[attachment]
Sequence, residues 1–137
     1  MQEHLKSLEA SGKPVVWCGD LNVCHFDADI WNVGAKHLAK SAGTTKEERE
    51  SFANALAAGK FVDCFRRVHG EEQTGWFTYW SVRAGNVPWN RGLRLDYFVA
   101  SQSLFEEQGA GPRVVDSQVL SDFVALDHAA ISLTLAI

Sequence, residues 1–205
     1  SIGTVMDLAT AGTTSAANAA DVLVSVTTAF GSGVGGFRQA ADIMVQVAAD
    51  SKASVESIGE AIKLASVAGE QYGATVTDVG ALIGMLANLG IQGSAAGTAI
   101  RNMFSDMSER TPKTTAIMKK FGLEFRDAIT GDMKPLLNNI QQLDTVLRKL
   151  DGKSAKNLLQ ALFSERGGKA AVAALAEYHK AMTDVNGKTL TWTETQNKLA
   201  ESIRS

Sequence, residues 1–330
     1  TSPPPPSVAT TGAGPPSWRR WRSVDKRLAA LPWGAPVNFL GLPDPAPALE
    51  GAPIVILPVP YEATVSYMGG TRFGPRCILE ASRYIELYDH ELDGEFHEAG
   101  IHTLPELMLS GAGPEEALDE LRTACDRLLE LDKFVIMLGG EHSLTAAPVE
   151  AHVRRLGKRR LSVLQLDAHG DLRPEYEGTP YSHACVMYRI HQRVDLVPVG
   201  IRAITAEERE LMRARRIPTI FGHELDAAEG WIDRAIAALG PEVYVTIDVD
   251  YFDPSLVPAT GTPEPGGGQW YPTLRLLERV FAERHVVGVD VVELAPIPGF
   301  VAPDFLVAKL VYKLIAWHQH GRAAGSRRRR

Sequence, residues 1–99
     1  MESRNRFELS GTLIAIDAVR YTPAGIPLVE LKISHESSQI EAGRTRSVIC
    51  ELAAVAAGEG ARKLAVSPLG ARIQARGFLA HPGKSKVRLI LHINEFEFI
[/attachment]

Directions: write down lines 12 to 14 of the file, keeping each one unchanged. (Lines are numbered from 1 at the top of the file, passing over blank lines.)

     1  TSPPPPSVAT TGAGPPSWRR WRSVDKRLAA LPWGAPVNFL GLPDPAPALE
    51  GAPIVILPVP YEATVSYMGG TRFGPRCILE ASRYIELYDH ELDGEFHEAG
   101  IHTLPELMLS GAGPEEALDE LRTACDRLLE LDKFVIMLGG EHSLTAAPVE